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SAIC Takes on Ssangyong Motors

Shanghai Automotive Industry Corp (SAIC), one of China's biggest vehicle producers, clinched a much-heralded final deal with creditors of Ssangyong Motors yesterday to take over the No 4 South Korean automaking firm.

SAIC, the main joint venture partner of US General Motors (GM) and Germany's Volkswagen, will spend some US$500 million to acquire a controlling 48.9 percent stake of the debt-laden Ssangyong, according to a contract signed yesterday in Seoul.

SAIC beat out a slew of other bidders for Ssangyong, such as GM, Chemical firm China National Blue Star Corp and a US pension fund.

The deal makes SAIC the first Chinese automaker to have a controlling interest in a foreign vehicle firm.

In late 2002, SAIC paid US$59.7 million to buy a 10 percent stake of GM's venture in South Korea - GM Daewoo Automotive & Technologies Co Ltd, marking the first overseas acquisition by a Chinese vehicle manufacturer.

SAIC is also reportedly in talks with British MG Rover to make a joint acquisition of the car operations in Poland left over by South Korea's bankrupt Daewoo Motors.

All Ssangyong workers will be retained and SAIC will invest in the South Korean automaker to expand its production capacity, according to a memorandum of understanding the two sides signed in July on the merger.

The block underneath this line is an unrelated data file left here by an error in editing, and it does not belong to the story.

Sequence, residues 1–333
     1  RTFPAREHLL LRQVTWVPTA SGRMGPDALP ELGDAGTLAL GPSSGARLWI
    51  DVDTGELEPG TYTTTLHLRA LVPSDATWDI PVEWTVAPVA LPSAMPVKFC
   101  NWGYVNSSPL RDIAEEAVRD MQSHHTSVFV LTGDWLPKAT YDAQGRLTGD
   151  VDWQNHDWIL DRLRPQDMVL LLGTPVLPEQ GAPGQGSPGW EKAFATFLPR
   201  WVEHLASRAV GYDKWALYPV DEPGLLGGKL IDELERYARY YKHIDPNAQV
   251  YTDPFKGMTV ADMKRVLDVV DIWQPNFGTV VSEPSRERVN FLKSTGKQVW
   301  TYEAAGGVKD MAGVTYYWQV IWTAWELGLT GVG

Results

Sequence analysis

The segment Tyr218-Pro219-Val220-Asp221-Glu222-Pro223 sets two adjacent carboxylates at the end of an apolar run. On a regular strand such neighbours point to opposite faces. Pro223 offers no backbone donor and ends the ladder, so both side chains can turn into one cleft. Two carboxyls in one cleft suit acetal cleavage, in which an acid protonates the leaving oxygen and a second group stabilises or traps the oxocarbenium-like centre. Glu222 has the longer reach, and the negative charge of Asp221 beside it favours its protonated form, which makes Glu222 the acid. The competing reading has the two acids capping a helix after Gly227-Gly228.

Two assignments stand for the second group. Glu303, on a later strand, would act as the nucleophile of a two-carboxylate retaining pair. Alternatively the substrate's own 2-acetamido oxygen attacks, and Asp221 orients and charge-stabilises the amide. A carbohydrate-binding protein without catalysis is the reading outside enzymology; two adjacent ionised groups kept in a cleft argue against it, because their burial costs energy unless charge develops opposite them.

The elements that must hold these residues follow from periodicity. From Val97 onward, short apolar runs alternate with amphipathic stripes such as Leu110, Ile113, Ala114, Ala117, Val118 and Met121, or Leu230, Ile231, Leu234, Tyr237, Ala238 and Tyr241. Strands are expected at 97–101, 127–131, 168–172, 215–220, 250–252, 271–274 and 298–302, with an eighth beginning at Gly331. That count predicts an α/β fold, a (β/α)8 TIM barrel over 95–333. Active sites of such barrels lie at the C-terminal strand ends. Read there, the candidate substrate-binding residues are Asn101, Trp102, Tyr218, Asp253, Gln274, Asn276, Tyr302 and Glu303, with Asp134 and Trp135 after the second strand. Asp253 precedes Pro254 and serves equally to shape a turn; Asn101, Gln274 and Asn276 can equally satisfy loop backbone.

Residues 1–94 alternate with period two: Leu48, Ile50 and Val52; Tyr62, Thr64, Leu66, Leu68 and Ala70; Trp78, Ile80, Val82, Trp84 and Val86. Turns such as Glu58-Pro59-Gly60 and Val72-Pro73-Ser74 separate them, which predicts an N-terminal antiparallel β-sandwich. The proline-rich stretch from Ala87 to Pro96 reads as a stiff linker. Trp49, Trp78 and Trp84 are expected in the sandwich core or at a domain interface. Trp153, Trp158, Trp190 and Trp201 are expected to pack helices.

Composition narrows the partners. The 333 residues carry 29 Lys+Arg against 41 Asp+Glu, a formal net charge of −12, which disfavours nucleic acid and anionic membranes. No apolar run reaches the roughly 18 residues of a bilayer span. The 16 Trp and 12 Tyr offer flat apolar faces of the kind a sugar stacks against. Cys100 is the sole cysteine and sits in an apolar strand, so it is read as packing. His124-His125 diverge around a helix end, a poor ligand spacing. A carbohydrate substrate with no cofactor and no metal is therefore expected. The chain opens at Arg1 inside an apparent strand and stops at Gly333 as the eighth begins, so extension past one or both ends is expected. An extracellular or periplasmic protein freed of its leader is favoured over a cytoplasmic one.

Analysts say the Ssangyong deal will help SAIC enhance its development capacity and will give the South Korean firm a foothold in China, the world's fastest-growing car market.

"Chinese automakers are eager to gain strong development capabilities because even big names like SAIC are much weaker than foreign rivals in this regard," said Xia Jun with CCID Consulting Co Ltd, the Beijing-based and Hong Kong-listed industry consultancy.

"Such an acquisition is a much quicker way for Chinese automakers to improve development capabilities than if they go it alone," Xia added.

Ssangyong has an annual production capacity of 180,000 luxury sedans and sport utility vehicles (SUVs) in South Korea.

It controls 10 percent of the South Korean automobile market.

The deal could help Ssangyong increase sales in China swiftly through SAIC's strong marketing networks, according to analysts.

SAIC, newly-crowned as one of the world's top 500 multinationals with profits of US$1 billion and revenues of US$12 billion last year, is preparing for a Hong Kong listing that could raise some US$1 billion for its expansion.

The company aims to increase its annual output to 4 million vehicles and become one of the world's six largest automakers by 2020. It sold 782,000 automobiles last year.

SAIC now has 60,000 employees and assets of 100 billion yuan (US$12.1 billion).

Ssangyong was put up for sale in 1999 after creditors took control in the wake of the Asian financial crisis. Its net profit surged by more than 80 percent to 589.6 billion wons (US$522.2 million) last year, helped by cost-cutting efforts and robust sales of the Rexton and Korando SUVs.

Its debts of US$1.1 billion exceed its market capitalization of around US$714 million.

(China Daily October 29, 2004)

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